- Your zip code – Where you live can play a significant role in your auto collision insurance cost. If you live in the city, rates will be higher. For people who live in more rural areas, prices are lower. Even something like areas that experience destructive hail can have higher rates.
- Vehicle value – The value of the vehicle will also influence the cost of collision insurance. If you total the vehicle, you will get the actual cash value (ACV).
- Insurance companies – The price will vary according to the insurance company where you choose to get coverage.
- Loans or lease – If you are still paying for your vehicle or are leasing it, your rates can get affected.
Collision car insurance coverage will often cost more than comprehensive insurance because collisions happen more often. Comprehensive insurance costs, on average, $192.
What Is The Difference Between Comprehensive And Collision Insurance?
Legally you don’t have to carry comprehensive and collision insurance, but they are essential and can help you out when you need it the most. While collectively, they will both pay to fix or replace your vehicle, it will not pay for damages to someone else’s property.
Comprehensive vs. Collision – the main difference is what they cover.
Comprehensive car insurance coverage
- Damage to your vehicle from severe weather such as hail or tornadoes
- Falling objects
- Hitting an animal with your vehicle on the road, such as a deer
Collision car insurance coverage
- Damage occurring to your vehicle in an accident that you caused
- Hitting an object such as a road sign or fence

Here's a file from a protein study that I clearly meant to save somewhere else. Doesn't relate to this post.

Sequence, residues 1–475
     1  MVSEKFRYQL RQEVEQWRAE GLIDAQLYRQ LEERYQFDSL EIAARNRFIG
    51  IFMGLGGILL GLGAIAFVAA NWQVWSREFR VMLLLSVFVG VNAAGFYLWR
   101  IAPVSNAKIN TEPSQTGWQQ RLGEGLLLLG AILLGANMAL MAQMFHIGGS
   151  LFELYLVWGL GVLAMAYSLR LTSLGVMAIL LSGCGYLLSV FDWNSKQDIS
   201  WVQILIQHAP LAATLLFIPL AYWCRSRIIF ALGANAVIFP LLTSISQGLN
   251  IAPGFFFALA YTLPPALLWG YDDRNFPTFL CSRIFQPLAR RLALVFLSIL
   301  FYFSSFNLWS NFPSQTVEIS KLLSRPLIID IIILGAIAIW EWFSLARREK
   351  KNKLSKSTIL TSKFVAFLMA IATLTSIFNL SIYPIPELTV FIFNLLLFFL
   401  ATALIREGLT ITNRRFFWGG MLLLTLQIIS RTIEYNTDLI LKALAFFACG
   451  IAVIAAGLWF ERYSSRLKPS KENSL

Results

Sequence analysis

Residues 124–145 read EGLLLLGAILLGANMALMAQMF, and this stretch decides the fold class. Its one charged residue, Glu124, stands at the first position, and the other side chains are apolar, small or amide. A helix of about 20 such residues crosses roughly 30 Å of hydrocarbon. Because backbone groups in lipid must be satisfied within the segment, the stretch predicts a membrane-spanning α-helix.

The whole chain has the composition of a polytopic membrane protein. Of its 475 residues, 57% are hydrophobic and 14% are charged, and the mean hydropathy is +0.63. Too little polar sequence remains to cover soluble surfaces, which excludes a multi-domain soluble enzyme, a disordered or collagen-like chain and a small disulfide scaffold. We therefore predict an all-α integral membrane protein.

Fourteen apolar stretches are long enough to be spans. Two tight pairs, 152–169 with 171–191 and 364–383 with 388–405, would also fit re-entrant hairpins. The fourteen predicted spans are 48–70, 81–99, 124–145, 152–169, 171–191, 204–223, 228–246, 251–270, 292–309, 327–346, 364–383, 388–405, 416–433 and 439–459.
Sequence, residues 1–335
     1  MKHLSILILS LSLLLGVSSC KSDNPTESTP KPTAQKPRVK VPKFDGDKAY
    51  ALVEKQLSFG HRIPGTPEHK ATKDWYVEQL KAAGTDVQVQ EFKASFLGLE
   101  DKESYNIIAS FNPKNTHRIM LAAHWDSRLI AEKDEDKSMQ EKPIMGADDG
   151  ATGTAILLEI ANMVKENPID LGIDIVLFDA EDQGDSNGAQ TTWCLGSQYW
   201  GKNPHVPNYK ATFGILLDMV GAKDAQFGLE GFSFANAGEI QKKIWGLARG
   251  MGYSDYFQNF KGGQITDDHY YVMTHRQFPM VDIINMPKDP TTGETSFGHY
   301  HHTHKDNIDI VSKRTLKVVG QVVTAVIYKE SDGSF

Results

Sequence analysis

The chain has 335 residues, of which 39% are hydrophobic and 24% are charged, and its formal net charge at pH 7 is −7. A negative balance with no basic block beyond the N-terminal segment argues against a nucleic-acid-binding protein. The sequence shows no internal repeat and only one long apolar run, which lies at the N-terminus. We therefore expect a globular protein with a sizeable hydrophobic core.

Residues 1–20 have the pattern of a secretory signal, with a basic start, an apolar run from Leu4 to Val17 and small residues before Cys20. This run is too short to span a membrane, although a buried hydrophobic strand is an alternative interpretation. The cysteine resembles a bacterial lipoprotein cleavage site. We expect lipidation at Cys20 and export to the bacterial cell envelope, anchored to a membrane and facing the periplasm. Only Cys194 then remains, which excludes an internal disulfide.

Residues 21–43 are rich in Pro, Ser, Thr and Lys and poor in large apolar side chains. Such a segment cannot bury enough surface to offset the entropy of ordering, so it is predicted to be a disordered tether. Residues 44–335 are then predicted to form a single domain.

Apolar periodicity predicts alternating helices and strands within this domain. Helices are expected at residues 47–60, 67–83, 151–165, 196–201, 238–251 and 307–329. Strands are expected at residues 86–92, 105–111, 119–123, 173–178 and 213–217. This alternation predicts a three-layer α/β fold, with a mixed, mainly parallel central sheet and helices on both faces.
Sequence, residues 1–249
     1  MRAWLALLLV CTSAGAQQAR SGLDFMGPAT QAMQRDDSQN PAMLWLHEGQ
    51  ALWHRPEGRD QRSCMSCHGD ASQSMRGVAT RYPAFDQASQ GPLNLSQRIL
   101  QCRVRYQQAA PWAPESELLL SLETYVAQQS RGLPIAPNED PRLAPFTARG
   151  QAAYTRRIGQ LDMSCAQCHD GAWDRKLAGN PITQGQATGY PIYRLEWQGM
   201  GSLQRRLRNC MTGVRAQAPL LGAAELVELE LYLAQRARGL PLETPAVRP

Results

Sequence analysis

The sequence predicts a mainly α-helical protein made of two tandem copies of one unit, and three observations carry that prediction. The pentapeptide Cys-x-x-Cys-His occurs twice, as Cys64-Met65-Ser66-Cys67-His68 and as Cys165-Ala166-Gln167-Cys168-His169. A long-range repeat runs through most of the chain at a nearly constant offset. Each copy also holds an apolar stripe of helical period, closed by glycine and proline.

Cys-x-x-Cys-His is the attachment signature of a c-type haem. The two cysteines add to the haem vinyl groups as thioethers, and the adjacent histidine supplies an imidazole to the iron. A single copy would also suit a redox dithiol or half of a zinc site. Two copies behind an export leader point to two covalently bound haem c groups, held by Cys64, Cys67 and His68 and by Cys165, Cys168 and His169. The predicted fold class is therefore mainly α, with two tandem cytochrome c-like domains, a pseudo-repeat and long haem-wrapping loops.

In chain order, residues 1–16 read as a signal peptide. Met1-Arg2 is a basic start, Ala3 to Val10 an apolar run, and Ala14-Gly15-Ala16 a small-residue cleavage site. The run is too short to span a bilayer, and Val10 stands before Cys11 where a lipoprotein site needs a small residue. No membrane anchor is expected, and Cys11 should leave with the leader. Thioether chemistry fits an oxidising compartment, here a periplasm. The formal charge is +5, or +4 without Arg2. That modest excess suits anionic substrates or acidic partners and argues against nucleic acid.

- Someone else hitting your car
Collision car insurance coverage can be beneficial for you in the long run if the value of your vehicle far exceeds your deductible. Don’t get stuck with heaps of vehicle repair bills from a collision. Remember that if you drive an old car, collision and comprehensive insurance coverage are not necessary.
Collision Insurance Coverage FAQs
Do I need both comprehensive and collision?
Insurance companies usually prefer that you purchase both collision and comprehensive coverage, but it’s unnecessary for all customers. If you have leased your car or have an outstanding auto loan, you need to have both. If you own your vehicle and don’t have a loan, you can choose to pay for collision and comprehensive coverage. In the event of losing your car due to an accident, you don’t need both coverages if you can repair or replace your vehicle. You will need comprehensive and collision car insurance if you live in an area with a high rate of car theft, severe weather, vandalism, or animal collisions.
Should I carry collision insurance on an older car?
If your car is still being leased or is still under financing, it is essential to have collision insurance. If you aren’t able to pay your vehicle costs out of pocket after an accident, you should carry collision insurance. If your car is old, consider canceling collision insurance and putting the money into a savings account to buy a new car. If you use the 10% rule and your collision and comprehensive cover costs $250 or more annually, then it’s time to consider getting rid of the coverage.
Do I need a collision deductible?
If you still owe money on your vehicle or are leasing it, you have to have collision insurance coverage. If something should happen to the car while under a loan, then you will be entirely liable for all costs involved. These costs include the ones incurred by the other party involved in the accident. If you own your vehicle, you don’t have to carry collision car insurance coverage. While you may not need it, it can still help you when you out of a difficult situation where you would need to pay out of pocket.